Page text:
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Roll-out phase - Implementing DrDoctor across your organisation

Four stage deployment process
Once the technology is setup and working as expected, and you are happy with any pilot areas, its time to begin the main operational deployment of DrDoctor.
A typical operational deployment involves 4 main stages. There are a number of approaches that can be taken but we tend to find the most effective is to work specialty by specialty, deploying the full set of features before moving on to the next specialty. This allows staff to become familiar with how the system works, flushes out any operational issues and delivers value in the quickest and lowest risk way. You can deploy to multiple specialties in groups or batches at the same time, but we still recommend you aim to deploy the full set of features without interruption to the whole group, before moving on.


Stage 1 - Reminders and rescheduling

Reminders are very straight forward, generally don't require any process change and can deliver value to your organisation very quickly. It's also the starting point for most organisations we work with as it’s a natural extension to previous reminder services that have been used.

When you switch on DrDoctor's reminders, you will start to enable patients to access the web portal which will capture and cleanse your data and allow them to access the more advanced features in DrDoctor.

Enabling rescheduling at this stage helps to introduce your staff to the notifications and actions that the system will generate. Its important to ensure that you can effectively manage these at this stage, as the more advanced features in stage 3 will build on this.

See also:

Hint - a common issue at stage 1
Phone calls - sometimes you may notice an increase in phone calls enquiring about appointments that people are not familiar with. This is an indicator that your current booking processes are not effectively communicating appointments to your patients and is typically a major contributor to poor attendance rates. There are two main reasons this happens:

  1. Your communications are not gettings through (e.g. your letters aren't being sent, or you have a high proportion of incorrect contact information)
  2. You are booking too far in advance and not reminding/updating the patient frequently enough while they wait.

If you can cope with the phone calls, we recommend you continue to deploy as quickly as you are able as stage 3 will alleviate this. If the phone calls are unworkable, please review this with your project manager as you may need to consider temporary extra support or implementing a change of process sooner.


Stage 2 - Booking confirmations and online content

A good starting point for stage 2, is to migrate the content of your clinic letters online. If you have the time at this stage, its also a really good opportunity to consider refreshing the information you give to patients, ideally involving the individual doctors so they can inform and prepare their patients before they attend. See Managing web content.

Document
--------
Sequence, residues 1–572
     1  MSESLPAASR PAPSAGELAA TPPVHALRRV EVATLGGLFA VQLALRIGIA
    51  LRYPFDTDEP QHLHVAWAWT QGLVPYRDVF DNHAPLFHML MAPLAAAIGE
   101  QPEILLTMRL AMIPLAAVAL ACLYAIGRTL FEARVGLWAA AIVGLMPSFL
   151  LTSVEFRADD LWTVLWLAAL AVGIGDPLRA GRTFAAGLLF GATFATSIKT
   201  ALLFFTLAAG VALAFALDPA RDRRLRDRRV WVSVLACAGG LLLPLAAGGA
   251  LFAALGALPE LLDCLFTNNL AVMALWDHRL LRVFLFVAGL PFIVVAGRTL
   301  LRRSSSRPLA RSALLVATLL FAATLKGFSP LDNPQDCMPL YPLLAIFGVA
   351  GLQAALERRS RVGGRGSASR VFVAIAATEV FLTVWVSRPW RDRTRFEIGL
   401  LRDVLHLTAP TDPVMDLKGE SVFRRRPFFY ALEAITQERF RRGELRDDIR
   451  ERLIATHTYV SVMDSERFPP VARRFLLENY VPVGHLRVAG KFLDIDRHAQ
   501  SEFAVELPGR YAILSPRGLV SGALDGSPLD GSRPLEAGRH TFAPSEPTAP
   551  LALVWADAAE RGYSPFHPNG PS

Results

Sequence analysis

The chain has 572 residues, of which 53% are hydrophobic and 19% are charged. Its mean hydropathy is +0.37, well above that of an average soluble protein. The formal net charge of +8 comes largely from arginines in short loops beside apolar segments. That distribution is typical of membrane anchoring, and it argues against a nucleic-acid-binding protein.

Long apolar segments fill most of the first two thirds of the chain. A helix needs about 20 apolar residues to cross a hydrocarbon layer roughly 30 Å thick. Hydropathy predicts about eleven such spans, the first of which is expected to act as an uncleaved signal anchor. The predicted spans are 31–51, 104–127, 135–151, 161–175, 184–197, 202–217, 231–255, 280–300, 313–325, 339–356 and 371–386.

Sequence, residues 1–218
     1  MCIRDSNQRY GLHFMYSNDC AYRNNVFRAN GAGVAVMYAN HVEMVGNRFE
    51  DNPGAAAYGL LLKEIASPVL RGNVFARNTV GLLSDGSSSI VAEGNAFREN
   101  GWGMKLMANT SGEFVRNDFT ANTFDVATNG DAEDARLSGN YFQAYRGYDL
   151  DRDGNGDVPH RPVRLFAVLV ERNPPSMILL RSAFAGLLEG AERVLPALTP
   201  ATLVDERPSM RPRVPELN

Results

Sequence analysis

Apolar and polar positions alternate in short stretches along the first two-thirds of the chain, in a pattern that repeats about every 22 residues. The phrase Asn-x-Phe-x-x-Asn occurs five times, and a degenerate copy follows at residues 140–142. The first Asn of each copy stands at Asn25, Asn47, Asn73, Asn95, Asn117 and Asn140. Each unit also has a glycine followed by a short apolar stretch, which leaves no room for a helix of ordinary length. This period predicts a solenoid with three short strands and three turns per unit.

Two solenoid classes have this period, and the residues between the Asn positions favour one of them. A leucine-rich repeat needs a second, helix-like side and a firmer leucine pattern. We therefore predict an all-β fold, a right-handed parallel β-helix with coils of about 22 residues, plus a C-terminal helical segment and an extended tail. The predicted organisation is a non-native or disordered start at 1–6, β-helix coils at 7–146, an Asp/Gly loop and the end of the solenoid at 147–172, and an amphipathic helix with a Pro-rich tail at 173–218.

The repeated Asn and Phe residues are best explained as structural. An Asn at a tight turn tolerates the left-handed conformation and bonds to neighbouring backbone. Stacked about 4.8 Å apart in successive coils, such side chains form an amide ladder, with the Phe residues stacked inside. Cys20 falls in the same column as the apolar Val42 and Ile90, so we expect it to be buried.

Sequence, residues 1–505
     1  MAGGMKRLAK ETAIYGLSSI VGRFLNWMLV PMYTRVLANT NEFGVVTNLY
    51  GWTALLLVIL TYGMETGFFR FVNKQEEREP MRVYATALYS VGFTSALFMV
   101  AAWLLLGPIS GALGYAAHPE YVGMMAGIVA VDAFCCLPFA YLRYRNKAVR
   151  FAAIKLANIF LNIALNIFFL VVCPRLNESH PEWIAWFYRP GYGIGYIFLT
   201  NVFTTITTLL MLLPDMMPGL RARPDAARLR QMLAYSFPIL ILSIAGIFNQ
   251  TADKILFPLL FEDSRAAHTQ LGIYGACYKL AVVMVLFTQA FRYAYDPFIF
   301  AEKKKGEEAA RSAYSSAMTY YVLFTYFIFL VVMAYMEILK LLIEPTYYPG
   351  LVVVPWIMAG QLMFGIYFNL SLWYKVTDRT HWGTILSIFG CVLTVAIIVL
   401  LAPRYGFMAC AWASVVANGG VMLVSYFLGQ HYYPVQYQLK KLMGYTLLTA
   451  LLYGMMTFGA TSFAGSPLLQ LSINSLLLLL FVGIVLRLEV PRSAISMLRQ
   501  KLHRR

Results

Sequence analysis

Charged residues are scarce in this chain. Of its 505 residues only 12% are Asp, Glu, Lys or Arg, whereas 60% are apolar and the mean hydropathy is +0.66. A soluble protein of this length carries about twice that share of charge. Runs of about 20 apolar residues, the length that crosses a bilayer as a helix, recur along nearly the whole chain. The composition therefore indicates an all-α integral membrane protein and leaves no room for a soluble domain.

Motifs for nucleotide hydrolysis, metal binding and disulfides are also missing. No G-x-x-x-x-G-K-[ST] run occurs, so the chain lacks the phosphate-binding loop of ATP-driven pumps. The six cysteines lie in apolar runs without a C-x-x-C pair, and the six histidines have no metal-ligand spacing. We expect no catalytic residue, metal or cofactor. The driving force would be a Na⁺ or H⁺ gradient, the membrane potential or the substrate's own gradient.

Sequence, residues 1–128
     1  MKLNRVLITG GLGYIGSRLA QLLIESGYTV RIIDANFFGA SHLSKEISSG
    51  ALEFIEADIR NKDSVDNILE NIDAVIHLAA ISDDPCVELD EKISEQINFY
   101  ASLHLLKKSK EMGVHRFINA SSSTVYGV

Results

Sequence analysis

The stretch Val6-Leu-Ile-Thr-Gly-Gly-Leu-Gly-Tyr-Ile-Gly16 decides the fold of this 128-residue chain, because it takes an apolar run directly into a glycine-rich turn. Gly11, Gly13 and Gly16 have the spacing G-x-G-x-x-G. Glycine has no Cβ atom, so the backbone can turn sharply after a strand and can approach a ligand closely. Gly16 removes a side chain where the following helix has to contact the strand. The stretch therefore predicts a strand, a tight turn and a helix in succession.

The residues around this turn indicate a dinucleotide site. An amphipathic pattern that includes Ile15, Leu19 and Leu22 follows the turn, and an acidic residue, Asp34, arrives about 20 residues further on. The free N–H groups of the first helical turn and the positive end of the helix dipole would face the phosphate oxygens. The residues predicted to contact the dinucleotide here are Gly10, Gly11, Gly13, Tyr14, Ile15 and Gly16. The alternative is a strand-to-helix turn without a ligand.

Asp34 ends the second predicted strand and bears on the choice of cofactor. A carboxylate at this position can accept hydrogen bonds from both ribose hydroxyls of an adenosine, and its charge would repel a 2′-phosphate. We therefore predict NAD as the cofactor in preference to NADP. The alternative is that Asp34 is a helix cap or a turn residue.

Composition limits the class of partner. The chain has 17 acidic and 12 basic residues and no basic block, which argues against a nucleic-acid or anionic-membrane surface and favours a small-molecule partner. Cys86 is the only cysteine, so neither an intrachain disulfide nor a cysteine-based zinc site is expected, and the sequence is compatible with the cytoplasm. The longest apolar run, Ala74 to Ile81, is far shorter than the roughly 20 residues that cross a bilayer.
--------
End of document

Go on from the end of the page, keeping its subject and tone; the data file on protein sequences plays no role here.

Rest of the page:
Once you are happy that the online content is setup, you should start to enable booking confirmations. These messages are very similar to a reminder messages but are triggered as soon as the appointment is booked. They are essential for increasing the amount of notice you will get for any changes a patient needs to make and are also an excellent way to engage patients earlier in their pathway. It is also a good opportunity to reduce the number of letters you need to send. See Booking confirmations.

Everyone works slightly differently so you will need to decide exactly how you go about reducing your letters using this tool - our support team are always happy to share best practices that we have learned about.

Stage 3 - Appointment booking (a.k.a. Outpatient waiting list management, partial booking)


Outpatient waiting lists are a very effective way of managing outpatient services. Historically they have been difficult to adopt as they require more time and effort to manage and nobody has resources available to potentially double their workload. DrDoctor can automate the management of waiting lists meaning that you can gain the operational and patient benefits of this approach to clinic management without overloading your staff.


With DrDoctor, you must first decide how you will structure your waiting lists before they are implemented. You may want to setup a temporary list and only add 20-30 patients to see how the processes work before adopting them more widely. It's essential to build up the understanding of how the system works within your own staff so that you can use the system effectively. We can provide training and support for this as needed.


If at all possible, try to avoid migrating patients who have already been booked to a waiting list, or from one waiting list to another - this increases work for you, is terrible experience for the patient and is liable to cause patients to be lost in the process. Instead consider running the old processes in parallel with the new processes until all patients go through a DrDoctor managed waiting list. Then disable/remove the old lists.

See Appointment booking for details.

Tip: even with a short-notice bookings it is still important to give the patient the ability to choose their own time and control how they do it. You may find it useful to have dedicated "short-notice" lists so that you can actively manage the booking if needed.

Stage 4 - Auto-offering last minute cancellations and letter workflows

Coming soon...

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